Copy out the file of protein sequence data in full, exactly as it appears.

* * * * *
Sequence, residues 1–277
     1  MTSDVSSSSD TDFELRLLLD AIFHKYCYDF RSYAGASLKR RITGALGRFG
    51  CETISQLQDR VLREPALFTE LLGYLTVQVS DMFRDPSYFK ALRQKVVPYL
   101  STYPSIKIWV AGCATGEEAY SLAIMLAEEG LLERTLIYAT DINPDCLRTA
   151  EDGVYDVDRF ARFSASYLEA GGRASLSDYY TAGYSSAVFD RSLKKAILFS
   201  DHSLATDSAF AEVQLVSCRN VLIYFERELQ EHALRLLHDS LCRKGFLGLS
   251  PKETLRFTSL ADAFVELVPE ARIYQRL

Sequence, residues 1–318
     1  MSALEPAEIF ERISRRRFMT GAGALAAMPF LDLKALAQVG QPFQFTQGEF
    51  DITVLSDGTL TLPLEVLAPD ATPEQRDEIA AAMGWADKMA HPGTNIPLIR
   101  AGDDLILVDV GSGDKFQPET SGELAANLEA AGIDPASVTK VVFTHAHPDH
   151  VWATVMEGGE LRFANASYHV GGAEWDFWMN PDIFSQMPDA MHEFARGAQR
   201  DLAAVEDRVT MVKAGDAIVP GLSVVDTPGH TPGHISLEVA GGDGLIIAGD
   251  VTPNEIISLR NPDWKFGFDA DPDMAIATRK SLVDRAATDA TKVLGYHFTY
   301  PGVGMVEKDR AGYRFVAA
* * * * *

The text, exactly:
Sequence, residues 1–277
     1  MTSDVSSSSD TDFELRLLLD AIFHKYCYDF RSYAGASLKR RITGALGRFG
    51  CETISQLQDR VLREPALFTE LLGYLTVQVS DMFRDPSYFK ALRQKVVPYL
   101  STYPSIKIWV AGCATGEEAY SLAIMLAEEG LLERTLIYAT DINPDCLRTA
   151  EDGVYDVDRF ARFSASYLEA GGRASLSDYY TAGYSSAVFD RSLKKAILFS
   201  DHSLATDSAF AEVQLVSCRN VLIYFERELQ EHALRLLHDS LCRKGFLGLS
   251  PKETLRFTSL ADAFVELVPE ARIYQRL

Sequence, residues 1–318
     1  MSALEPAEIF ERISRRRFMT GAGALAAMPF LDLKALAQVG QPFQFTQGEF
    51  DITVLSDGTL TLPLEVLAPD ATPEQRDEIA AAMGWADKMA HPGTNIPLIR
   101  AGDDLILVDV GSGDKFQPET SGELAANLEA AGIDPASVTK VVFTHAHPDH
   151  VWATVMEGGE LRFANASYHV GGAEWDFWMN PDIFSQMPDA MHEFARGAQR
   201  DLAAVEDRVT MVKAGDAIVP GLSVVDTPGH TPGHISLEVA GGDGLIIAGD
   251  VTPNEIISLR NPDWKFGFDA DPDMAIATRK SLVDRAATDA TKVLGYHFTY
   301  PGVGMVEKDR AGYRFVAA